Wound Healing Antibacterial Abilities Anti-Diarrheal Properties Possible Ulcer Remedy Anti-Aging Skin Care Dragon’s Blood as an incense or oil As the resin hardens the woodsy aroma is trapped within the hardened sap. If purchasing sap in this form, breaking chunks of resin and warming them will open up the sent of Dragon’s Blood. Upon heating, the resin resembles burning incense with a stronger woody and spicy floral scent that is said to be rich and smoky. If purchasing oils, these most likely have a synthetic incense as Dragon’s Blood oil does not naturally exist in this form. If you desire to make Dragon’s Blood oil, grinding resin and steeping in organic oils will create a deep red oil. (2) Historical uses for Dragon’s Blood Historically, Dragon’s blood served as a dye that was used in varnishes, plaster and color dye for clothing and arts. Dragon’s blood was also used for embalming. Medicinally, the resin was used to treat gastrointestinal and respiratory problems. In some cultures, the resin was used as a form of currency. Mystically, the resin was used in many pagan rituals to enhance protection, love, sexuality, evocation. (2) Metaphysical uses and beliefs surrounding Dragon’s Blood The resin from Daemonorops draco was used in Wiccan and witchcraft traditions the resin was used to entice love. In many cultures, women would burn the resin in their window to invite love or address impotency concerns. In Hoodoo and Southern Conjure, there is a dual belief that Dragon’s blood brings luck in money and love as well as wards off evil. Some believe that that burning Dragon’s Blood Resin with Camphor before moving will cleanse the new home. If seeking a marriage proposal, it is said that putting your “lover’s name on a small square of brown paper, cross it with their own name, fold DRAGON’S BLOOD powder into the Name-Paper, and throw the packet onto glowing charcoal along with Love Me Incense while saying their prayer” will bring marriage. Medicinally, Dragon’s Blood was thought at one time to be used to cure syphilis and was also used for catharsis. The resin cannot be taken internally in hard form. The Croton Lechleri sap is found to hold the most medicinal benefits.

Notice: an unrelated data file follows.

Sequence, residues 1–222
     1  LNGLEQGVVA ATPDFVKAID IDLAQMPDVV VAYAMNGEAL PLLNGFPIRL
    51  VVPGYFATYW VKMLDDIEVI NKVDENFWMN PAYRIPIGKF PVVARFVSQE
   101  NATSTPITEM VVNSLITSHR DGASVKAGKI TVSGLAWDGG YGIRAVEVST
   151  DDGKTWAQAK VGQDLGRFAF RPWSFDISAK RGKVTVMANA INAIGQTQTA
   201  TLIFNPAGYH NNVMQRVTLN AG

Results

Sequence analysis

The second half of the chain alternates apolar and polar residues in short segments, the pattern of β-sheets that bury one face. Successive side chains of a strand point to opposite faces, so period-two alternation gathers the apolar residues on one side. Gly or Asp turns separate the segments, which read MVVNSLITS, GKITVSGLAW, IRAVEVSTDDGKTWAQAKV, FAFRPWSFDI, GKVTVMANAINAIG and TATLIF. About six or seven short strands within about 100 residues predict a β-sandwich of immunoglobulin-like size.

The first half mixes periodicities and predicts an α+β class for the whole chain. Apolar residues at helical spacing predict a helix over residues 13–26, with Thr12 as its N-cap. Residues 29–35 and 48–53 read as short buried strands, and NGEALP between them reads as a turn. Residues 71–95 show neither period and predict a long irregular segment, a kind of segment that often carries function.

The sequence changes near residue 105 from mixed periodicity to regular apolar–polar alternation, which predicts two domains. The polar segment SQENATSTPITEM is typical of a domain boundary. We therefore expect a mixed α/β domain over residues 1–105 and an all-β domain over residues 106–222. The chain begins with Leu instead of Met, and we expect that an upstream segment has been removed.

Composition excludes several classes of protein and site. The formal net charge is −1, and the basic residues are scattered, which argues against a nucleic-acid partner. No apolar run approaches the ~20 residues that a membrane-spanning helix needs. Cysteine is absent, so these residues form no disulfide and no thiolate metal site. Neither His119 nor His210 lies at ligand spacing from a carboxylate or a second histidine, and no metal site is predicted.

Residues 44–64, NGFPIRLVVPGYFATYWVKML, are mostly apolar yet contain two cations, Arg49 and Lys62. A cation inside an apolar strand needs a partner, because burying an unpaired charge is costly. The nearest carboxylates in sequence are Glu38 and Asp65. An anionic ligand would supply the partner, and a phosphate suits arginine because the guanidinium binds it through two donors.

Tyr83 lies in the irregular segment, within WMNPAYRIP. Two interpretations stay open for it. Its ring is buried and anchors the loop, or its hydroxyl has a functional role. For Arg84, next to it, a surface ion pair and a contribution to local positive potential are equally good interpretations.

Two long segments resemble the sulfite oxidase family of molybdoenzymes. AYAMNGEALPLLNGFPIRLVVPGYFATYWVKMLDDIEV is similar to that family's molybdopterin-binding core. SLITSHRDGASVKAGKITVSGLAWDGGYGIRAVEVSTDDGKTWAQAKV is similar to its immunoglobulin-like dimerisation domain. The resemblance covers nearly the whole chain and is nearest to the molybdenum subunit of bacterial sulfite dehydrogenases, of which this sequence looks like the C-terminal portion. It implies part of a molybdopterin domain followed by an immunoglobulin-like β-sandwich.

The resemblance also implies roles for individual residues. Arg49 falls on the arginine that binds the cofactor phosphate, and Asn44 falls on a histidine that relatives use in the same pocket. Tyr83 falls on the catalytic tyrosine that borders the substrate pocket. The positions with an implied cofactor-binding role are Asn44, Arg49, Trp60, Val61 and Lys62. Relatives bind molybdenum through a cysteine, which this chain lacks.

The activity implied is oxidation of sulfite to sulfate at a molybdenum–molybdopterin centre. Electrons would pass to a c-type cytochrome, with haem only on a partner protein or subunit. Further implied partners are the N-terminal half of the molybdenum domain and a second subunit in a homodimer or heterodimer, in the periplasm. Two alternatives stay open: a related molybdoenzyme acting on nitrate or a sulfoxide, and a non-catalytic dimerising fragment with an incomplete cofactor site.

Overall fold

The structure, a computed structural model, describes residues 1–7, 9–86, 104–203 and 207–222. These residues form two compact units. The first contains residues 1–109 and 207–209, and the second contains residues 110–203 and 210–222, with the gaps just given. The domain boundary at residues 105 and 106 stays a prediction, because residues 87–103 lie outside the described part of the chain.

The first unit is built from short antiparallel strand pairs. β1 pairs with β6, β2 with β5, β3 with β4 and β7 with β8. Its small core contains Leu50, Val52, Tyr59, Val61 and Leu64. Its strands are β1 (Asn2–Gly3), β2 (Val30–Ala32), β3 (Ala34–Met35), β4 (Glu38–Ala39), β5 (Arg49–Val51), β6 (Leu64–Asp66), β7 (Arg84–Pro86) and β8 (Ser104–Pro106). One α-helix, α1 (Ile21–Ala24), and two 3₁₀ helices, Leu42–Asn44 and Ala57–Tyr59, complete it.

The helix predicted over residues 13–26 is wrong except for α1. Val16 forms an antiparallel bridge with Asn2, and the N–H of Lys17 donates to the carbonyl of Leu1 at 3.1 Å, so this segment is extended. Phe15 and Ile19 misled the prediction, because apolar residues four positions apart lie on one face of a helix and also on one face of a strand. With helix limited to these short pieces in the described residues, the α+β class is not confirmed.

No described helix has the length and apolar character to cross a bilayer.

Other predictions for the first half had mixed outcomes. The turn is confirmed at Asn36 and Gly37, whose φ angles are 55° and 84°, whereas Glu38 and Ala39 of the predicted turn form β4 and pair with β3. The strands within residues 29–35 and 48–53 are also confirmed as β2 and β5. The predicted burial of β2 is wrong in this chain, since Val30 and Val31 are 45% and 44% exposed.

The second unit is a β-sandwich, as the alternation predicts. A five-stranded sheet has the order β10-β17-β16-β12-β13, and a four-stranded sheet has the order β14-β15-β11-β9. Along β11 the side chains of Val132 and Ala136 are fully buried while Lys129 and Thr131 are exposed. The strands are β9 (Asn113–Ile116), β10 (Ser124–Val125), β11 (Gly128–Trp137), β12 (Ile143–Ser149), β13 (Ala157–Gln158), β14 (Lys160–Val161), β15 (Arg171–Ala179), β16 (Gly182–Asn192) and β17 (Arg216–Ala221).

1. Naturally Aids Sleep Studies show that valerian reduces the time it takes to fall asleep and improves sleep quality, so if you can’t sleep, it may be just what you’re looking for. Unlike many prescription sleep medications, valerian has fewer side effects and is a lot less likely to result in morning drowsiness. In one double-blind study conducted by the Foellinge Health Center in Sweden, the effects of valerian on poor sleep were significant. Of the study participants, 44 percent reported perfect sleep while 89 percent reported improved sleep when taking valerian root. In addition, no side effects were observed for this group. Valerian root is often combined with other sedating herbs, such as hops (Humulus lupulus) and lemon balm (Melissa officianalis), to treat insomnia. In one study of children with minor sleep problems published in Phytomedicine, 81 percent of those who took an herbal combination of valerian and lemon balm reported sleeping much better than those who took a placebo. How does valerian root help you sleep so well? Valerian contains a chemical called linarin, which creates a sedative effect. Valerian extract can cause sedation by increasing your brain’s GABA level. Gamma-amino butyric acid (GABA) is an inhibitory neurotransmitter in the central nervous system. In large enough quantities it can cause a sedative effect, calming nervous activity. Results from an in vitro study suggest that valerian extract may cause GABA to be released from brain nerve endings and then block GABA from being taken back into nerve cells. In addition, valerian’s valerenic acid inhibits an enzyme that destroys GABA, another way that valerian can improve your GABA levels and promote a great night’s rest. 2. Calms Anxiety Scientists have found that valerian root increases the amount of a chemical called gamma aminobutyric acid (GABA) through GABA receptors. GABA helps regulate nerve cells and calms anxiety. Drugs such as alprazolam (Xanax) and diazepam (Valium) also work by increasing the amount of GABA in the brain. The valeric acid, valerenic acid and valerenol contained in valerian root extract act as anti-anxiety agents. It’s pretty amazing that an herbal remedy like valerian root can have the same anti-anxiety effects of prescription drugs without all the serious side effects of psychotropic drugs. If you are taking other calming medications or antidepressants (such as tricyclic antidepressants like amitriptyline or tetracyclic antidepressants), do not take valerian at the same time. 3. Lowers Blood Pressure Now that you know that valerian root can be so calming to the mind and body, it’s probably not surprising to hear it can also help lower blood pressure, improving heart health. The same active components that make valerian root so effective for stress and anxiety management can also help the body properly regulate its blood pressure. High blood pressure is something you definitely want to avoid since it increases the chance of stroke and heart attack. Valerian root supplements can help naturally reduce blood pressure and keep it at a healthy level, which has a direct positive impact on your heart health. 4. Eases Menstrual Cramps The relaxing nature of valerian root can make it a smart choice for natural relief of menstrual cramps. It can reduce the severity and discomfort of menstrual cramps, which is a common problem for women who suffer monthly from PMS. How exactly can valerian root help? It’s a natural sedative and antispasmodic, which means it suppresses muscle spasms and acts as a natural muscle relaxer. Valerian root can effectively calm the severe uterine muscle contractions that cause the terrible pain many women experience during menstruation, as a double-blind, randomized, placebo-controlled study from Islamic Azad University in Iran showed. 5. Improves Stress Management By reducing anxiety and improving the length and quality of sleep, valerian root can significantly help with daily stress management. Chronic stress can make you feel anxious, but anxiety can also make you feel more stressed out. By improving GABA levels, valerian makes it easier for both the mind and body to relax. Since relaxation is the antithesis of stress, valerian root is an excellent natural way to help keep your stress down and your quality of life up. Further, valerian root has been shown to suppress both physical and psychological stress by helping to maintain levels of serotonin, according to research in BMC Complementary and Alternative Medicine. Serotonin is a neurotransmitter that helps regulate mood. Valerian vs. Melatonin Melatonin is a hormone made in the pineal gland and is highly correlated with the body’s sleep-wake cycle. When the sun goes down and darkness occurs, the pineal is “turned on” by the SCN and begins to actively produce melatonin, which is released into the blood. Usually, this occurs around 9:00 p.m. As a result, melatonin levels in the blood rise sharply and you begin to feel less alert. Sleep becomes more inviting. Melatonin levels in the blood stay elevated for about 12 hours — all through the night — before the light of a new day when they fall back to low daytime levels by about 9:00 a.m. Daytime levels of melatonin are barely detectable. Low melatonin levels are linked to insomnia. Valerian is a sedative herb that has been used for centuries for the treatment of insomnia. Because valerian increases GABA levels in the brain, it helps reduce brain activity and allow users to fall asleep more easily.